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-   -   ER - Am I ready? (http://www.early-retirement.org/forums/f26/er-am-i-ready-18221.html)

robls 10-13-2005 08:12 AM

ER - Am I ready?
 
What do you think about my chances on ER'ing now?

50-year old, single male
$400,000 in IRA/401k accounts
$70,000 in savings
No mortgage-own home free and clear
Property taxes are $1,600 per year
No car payment-2003 Toyota Highlander paid off early
No credit card debt-I only have one card that I pay off each month
Currently live on about $15,000 per year. Probably can cut this down considerably.
But with paying my own health insurance it will be about the same.
Am I missing anything?

Thanks.

Rob

brewer12345 10-13-2005 08:42 AM

Re: ER - Am I ready?
 
If you really do live on $15k a year, this would be do-able except for the fact that health insurance will probably be a budget buster. How about a part time job at Starbucks, Costco or one of the other places that offers benefits?

acg 10-13-2005 08:52 AM

Re: ER - Am I ready?
 
If it feels right, why not??? Sounds like you saved some money and have figured out a plan on the back of an envelope (as many of us do!) You can always go back to work if the urge or need strikes. Barring no catostrophic illness. That is probably the best reason for wanting to ER. To enjoy the time that is left for the more important stuff.

My last day (one more time) at work is tomorrow (48).

I jumped off the bridge before and lived to tell about it!

dex 10-13-2005 08:57 AM

Re: ER - Am I ready?
 
What do you think about my chances on ER'ing now?
Am I missing anything?
I think you are missing a lot.
First, RE should be about enjoying life (in my opinion) can you enjoy life on 15K a year or are you just existing?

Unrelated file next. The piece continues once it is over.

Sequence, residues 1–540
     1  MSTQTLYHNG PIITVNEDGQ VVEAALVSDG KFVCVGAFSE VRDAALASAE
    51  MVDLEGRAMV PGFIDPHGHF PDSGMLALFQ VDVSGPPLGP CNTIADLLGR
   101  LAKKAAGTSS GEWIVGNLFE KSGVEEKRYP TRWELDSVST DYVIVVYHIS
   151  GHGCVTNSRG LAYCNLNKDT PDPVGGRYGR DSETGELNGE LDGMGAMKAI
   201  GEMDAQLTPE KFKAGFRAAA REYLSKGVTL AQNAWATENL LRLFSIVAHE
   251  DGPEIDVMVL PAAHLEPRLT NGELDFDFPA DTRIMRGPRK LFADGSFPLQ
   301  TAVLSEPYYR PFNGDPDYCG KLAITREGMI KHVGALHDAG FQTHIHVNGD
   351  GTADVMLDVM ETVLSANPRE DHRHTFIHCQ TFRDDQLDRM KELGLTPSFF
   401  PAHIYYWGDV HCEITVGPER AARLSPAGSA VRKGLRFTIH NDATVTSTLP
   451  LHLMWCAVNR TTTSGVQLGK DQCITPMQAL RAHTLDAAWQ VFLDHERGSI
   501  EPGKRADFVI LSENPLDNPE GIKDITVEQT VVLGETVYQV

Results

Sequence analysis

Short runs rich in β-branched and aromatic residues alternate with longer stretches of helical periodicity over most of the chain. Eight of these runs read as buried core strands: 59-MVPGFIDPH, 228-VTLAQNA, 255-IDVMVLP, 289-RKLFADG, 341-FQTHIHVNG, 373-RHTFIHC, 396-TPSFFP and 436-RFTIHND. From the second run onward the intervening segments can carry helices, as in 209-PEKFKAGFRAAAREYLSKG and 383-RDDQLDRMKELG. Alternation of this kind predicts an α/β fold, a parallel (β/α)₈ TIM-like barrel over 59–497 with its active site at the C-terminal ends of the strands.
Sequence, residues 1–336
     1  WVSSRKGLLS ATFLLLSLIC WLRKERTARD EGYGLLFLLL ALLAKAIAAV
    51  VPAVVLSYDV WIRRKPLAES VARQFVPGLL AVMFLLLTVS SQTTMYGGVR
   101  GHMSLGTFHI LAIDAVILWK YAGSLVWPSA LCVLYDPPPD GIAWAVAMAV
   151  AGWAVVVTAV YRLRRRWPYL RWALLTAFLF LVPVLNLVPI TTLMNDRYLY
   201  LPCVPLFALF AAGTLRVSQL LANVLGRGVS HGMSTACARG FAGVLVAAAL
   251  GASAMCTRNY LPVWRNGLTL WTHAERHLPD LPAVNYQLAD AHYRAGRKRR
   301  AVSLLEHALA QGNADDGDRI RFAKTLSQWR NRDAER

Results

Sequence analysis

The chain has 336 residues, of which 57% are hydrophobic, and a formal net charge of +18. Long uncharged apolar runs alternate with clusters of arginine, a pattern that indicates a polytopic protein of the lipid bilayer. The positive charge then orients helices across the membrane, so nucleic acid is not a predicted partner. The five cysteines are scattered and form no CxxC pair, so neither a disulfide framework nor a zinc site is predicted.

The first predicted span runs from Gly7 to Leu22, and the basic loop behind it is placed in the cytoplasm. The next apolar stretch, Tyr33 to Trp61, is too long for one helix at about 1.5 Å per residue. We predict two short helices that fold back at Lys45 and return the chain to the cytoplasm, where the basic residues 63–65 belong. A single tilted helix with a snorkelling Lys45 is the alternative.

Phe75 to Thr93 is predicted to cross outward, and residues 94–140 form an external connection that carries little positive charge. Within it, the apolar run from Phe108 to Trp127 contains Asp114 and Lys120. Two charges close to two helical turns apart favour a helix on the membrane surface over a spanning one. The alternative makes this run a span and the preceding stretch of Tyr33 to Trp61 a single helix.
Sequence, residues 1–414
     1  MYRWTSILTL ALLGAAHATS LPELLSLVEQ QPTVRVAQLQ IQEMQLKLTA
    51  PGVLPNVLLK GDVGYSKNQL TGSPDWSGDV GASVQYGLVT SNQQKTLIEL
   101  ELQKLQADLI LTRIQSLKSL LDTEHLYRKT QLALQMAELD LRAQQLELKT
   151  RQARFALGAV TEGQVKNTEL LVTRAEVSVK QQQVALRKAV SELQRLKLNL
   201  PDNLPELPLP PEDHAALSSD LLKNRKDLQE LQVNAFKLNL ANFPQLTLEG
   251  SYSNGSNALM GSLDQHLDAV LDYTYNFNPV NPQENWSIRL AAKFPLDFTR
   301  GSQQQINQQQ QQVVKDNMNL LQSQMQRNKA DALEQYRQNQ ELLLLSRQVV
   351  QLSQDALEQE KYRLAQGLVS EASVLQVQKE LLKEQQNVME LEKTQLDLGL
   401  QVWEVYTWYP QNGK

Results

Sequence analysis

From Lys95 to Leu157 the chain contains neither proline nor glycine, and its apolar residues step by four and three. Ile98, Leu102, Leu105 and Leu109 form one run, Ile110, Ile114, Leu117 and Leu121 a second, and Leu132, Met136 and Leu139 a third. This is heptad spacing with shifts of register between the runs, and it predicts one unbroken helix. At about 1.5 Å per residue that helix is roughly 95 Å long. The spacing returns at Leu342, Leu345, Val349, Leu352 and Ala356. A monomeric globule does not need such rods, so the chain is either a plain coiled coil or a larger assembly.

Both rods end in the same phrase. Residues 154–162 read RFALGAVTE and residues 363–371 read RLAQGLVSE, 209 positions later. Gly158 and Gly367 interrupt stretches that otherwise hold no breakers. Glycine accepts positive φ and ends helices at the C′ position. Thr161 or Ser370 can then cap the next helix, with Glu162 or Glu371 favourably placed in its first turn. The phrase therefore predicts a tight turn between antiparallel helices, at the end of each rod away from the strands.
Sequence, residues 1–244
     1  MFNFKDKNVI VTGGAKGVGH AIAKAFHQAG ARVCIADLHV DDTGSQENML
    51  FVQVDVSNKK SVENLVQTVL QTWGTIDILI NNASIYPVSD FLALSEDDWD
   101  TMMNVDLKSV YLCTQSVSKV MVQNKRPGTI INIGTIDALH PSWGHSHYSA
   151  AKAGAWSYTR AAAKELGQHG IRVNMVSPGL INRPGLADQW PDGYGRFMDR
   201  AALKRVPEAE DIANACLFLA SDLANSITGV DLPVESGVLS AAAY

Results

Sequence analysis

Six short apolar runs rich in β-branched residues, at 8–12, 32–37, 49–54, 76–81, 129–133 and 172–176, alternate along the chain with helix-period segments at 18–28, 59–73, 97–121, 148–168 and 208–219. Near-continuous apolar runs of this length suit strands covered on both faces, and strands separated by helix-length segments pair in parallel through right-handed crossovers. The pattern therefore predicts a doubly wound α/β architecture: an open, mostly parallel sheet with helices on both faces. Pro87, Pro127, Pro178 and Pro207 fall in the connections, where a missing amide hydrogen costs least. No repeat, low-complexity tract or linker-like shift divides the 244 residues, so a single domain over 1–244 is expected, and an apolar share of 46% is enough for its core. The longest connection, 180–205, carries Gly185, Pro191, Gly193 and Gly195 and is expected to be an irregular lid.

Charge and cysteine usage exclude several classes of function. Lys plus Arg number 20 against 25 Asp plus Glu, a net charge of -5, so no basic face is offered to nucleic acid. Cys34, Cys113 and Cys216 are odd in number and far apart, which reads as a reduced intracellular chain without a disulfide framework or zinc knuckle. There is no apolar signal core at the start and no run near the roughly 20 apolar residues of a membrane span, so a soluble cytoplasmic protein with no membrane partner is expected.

Second, Financially you are in good shape if you continue working. But you have 12+ years until Social security. You will need to spend down your 70K after tax savings and then eat into your retirment savings. You retirement savins will most likely be hit with a early withdrawl penity if you withdraw before 59 1/2.

I'm guessing your house is worth apx 100K so you have a net worth of $570K but no mention of a pension or other income streams.

Others have mentioned that they figured a minimum of $20K for their annual expenses and still others will chime in that they RE'd with less than you.

acg 10-13-2005 09:28 AM

Re: ER - Am I ready?
 
Dex, "you are passing through Fearsville".

Isn't FIRE also a "state of mind" ? More than just about money and security???

Security also has a price which I have paid dearly. I am also in a similiar situation to Robls, having made the decision to RE, and have always "LBYM" without sacrificing quality of life issues. (no more need for all the material stuff). People can enjoy life without $$$. Money is an excellent servant, but a terrible master. Don't get me wrong.

What's the point of socking it away? Why not "Feel the Fear and Do It Anyway"? Take time while your young enough to enjoy the fruits of your labors...rather that waiting till it is too late. Build a legacy, yes, but for what? and whom? Those are the next pressing questions. The answers are in the cards and will be revealed at some point in the game.

It is a difficult decision to make. You are scaring me!

All ER is afterall, is a new beginning. Right?

robls 10-13-2005 09:40 AM

Re: ER - Am I ready?
 
Quote:

Originally Posted by brewer12345
If you really do live on $15k a year, this would be do-able except for the fact that health insurance will probably be a budget buster.* How about a part time job at Starbucks, Costco or one of the other places that offers benefits?